That Pakistan has repeatedly asked the US not to violate its space does not speak of mistrust but a sense of indignation. What on earth a country has got the right to infringe on the security of other state? But the position of the government certainly becomes awkward on the question of sovereignty when it has to attend to its moral responsibility to inform the civilized world as to what Osama bin Laden, whom Navy SEALs picked up dead from Abbottabad in a unilateral operation, was doing there. Of course, no heads have rolled down in Pakistan on such a gross ‘information failure’ so far.
The civilian government is also at odds with itself for it has failed to get an effective anti-terror law and due to this particular reason the court has freed known terrorists for want of evidence. When the security agencies steal away such outfits to extract evidences, the court insists on presentation of the ‘missing persons’.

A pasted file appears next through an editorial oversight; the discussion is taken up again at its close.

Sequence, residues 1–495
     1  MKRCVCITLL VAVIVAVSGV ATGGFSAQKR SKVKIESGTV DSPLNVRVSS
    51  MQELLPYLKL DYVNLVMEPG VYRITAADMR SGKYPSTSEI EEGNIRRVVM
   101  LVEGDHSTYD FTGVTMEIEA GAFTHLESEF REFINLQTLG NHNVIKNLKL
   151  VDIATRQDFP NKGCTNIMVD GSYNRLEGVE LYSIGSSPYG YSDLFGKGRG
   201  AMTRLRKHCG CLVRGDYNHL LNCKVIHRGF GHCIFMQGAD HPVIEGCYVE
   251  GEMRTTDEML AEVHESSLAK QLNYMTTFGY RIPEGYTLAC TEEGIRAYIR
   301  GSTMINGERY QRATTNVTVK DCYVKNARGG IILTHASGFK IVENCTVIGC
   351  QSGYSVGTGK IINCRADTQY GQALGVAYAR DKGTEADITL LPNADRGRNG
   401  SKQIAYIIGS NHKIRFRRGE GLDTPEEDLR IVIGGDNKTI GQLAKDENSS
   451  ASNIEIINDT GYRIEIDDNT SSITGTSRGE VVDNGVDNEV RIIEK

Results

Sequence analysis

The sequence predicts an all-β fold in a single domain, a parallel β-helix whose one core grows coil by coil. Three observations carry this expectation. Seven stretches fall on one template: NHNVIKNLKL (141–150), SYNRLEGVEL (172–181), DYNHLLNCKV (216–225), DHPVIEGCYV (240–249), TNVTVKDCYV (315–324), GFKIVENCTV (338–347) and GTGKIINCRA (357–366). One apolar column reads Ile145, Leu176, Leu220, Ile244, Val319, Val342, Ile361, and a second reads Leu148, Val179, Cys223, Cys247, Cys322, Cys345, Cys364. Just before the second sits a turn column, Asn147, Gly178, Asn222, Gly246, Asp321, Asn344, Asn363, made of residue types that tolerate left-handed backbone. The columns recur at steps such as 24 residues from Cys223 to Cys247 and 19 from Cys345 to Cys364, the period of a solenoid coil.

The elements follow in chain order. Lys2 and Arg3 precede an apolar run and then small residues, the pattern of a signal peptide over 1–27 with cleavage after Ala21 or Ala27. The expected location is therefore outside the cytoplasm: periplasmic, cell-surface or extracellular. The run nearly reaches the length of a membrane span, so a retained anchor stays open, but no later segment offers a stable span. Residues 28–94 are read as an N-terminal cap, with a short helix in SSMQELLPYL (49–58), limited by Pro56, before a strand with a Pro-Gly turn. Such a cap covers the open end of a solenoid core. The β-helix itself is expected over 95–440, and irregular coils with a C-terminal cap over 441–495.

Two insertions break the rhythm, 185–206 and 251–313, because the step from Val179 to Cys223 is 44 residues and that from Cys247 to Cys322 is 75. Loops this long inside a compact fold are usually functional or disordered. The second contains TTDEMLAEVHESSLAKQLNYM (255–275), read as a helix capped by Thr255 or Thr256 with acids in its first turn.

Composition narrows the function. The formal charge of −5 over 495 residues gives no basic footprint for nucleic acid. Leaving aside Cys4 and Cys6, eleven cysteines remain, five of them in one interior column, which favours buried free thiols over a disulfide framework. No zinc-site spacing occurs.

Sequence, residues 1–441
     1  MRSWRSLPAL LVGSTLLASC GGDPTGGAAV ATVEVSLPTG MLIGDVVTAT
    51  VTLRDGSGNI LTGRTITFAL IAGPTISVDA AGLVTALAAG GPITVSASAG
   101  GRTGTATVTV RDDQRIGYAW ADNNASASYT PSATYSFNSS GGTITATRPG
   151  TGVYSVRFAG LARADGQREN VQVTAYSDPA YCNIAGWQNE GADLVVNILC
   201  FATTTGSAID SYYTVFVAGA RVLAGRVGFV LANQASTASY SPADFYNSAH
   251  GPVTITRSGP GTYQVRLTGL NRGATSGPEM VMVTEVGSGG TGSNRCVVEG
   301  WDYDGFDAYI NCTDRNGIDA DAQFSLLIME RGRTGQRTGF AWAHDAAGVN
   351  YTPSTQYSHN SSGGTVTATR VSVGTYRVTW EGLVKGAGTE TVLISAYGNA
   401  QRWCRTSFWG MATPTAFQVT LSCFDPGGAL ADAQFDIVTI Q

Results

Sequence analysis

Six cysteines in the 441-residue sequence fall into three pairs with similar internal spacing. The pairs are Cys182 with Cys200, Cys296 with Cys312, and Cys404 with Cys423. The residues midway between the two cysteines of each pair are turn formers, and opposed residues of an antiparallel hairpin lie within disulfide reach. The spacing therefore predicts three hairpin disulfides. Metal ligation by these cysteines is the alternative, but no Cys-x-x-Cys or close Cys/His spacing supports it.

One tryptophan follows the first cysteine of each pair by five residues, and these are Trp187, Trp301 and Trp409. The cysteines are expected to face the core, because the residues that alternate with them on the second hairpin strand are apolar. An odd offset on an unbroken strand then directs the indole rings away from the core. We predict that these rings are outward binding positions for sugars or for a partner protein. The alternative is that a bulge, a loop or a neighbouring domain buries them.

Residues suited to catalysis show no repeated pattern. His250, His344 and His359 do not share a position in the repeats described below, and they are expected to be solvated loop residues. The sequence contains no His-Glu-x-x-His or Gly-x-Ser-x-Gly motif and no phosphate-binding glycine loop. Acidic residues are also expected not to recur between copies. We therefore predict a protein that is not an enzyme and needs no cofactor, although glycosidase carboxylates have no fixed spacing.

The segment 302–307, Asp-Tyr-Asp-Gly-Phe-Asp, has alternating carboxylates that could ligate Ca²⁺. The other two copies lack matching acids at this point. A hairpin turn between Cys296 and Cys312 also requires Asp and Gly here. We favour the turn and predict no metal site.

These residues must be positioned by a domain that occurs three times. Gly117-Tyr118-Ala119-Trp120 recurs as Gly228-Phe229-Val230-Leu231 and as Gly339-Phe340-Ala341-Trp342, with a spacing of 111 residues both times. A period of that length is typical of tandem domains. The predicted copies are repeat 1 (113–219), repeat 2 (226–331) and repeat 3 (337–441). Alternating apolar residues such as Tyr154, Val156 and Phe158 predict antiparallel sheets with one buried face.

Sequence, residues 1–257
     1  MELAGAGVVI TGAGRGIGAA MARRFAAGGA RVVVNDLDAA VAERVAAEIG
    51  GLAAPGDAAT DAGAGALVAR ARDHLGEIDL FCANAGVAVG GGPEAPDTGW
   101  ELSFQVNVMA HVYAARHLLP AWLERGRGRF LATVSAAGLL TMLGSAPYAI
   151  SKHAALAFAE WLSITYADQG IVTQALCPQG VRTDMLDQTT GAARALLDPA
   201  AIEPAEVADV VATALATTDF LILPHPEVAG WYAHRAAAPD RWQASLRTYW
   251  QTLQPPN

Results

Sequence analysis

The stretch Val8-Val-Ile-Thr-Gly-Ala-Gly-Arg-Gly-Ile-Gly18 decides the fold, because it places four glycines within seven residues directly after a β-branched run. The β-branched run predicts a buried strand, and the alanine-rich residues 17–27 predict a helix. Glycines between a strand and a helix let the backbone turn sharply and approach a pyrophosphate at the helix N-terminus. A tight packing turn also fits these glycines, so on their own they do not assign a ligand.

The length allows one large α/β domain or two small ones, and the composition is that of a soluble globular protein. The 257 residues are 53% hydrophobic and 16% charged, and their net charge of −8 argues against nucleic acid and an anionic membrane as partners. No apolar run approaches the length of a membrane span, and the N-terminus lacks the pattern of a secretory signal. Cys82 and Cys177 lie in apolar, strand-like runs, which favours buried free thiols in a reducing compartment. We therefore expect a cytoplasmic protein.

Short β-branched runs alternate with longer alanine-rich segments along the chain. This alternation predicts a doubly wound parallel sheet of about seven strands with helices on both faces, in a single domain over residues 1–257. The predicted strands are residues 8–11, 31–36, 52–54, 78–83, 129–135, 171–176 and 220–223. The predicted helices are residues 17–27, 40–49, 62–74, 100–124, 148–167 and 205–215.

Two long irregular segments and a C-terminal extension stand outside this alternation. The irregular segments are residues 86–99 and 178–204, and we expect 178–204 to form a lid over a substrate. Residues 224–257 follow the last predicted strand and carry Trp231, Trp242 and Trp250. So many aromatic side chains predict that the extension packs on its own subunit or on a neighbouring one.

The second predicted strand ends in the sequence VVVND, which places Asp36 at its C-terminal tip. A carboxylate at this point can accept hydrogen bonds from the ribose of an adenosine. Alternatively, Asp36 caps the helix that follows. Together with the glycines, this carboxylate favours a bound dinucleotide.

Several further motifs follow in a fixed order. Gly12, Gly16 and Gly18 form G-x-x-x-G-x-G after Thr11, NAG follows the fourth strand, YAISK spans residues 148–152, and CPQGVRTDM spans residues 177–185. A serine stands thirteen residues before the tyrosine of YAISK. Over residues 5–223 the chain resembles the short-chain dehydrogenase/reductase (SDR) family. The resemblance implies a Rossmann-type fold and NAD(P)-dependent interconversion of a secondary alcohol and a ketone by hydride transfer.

To carry weight with the Obama administration, the government should first publically assert that the army is under its complete and effective control and that it extends complete sway over FATA. In the absence of such a claim, the whole demand on the US to respect the sovereignty of Pakistan just serves domestic needs— note that the Difa-e-Pakistan Council (DPC), which comprises 40 plus right wing groups, has threatened to besiege parliament in case it decides on ties with the US against its whims.